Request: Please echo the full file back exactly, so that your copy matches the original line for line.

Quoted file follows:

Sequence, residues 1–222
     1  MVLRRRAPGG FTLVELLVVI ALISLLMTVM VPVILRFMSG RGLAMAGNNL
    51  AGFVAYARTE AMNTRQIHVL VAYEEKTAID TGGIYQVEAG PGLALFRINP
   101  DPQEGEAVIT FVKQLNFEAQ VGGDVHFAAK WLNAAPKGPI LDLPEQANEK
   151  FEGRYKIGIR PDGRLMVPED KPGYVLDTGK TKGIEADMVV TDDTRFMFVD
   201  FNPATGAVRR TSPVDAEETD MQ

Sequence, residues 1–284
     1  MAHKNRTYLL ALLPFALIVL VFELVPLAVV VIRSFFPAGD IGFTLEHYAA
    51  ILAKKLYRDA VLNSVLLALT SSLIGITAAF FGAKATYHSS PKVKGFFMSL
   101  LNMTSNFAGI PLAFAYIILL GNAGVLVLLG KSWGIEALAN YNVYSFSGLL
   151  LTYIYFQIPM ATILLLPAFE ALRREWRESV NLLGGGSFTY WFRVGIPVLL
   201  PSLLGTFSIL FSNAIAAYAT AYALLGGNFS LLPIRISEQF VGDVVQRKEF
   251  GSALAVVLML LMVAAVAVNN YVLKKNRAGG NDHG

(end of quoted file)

Sequence, residues 1–222
     1  MVLRRRAPGG FTLVELLVVI ALISLLMTVM VPVILRFMSG RGLAMAGNNL
    51  AGFVAYARTE AMNTRQIHVL VAYEEKTAID TGGIYQVEAG PGLALFRINP
   101  DPQEGEAVIT FVKQLNFEAQ VGGDVHFAAK WLNAAPKGPI LDLPEQANEK
   151  FEGRYKIGIR PDGRLMVPED KPGYVLDTGK TKGIEADMVV TDDTRFMFVD
   201  FNPATGAVRR TSPVDAEETD MQ

Sequence, residues 1–284
     1  MAHKNRTYLL ALLPFALIVL VFELVPLAVV VIRSFFPAGD IGFTLEHYAA
    51  ILAKKLYRDA VLNSVLLALT SSLIGITAAF FGAKATYHSS PKVKGFFMSL
   101  LNMTSNFAGI PLAFAYIILL GNAGVLVLLG KSWGIEALAN YNVYSFSGLL
   151  LTYIYFQIPM ATILLLPAFE ALRREWRESV NLLGGGSFTY WFRVGIPVLL
   201  PSLLGTFSIL FSNAIAAYAT AYALLGGNFS LLPIRISEQF VGDVVQRKEF
   251  GSALAVVLML LMVAAVAVNN YVLKKNRAGG NDHG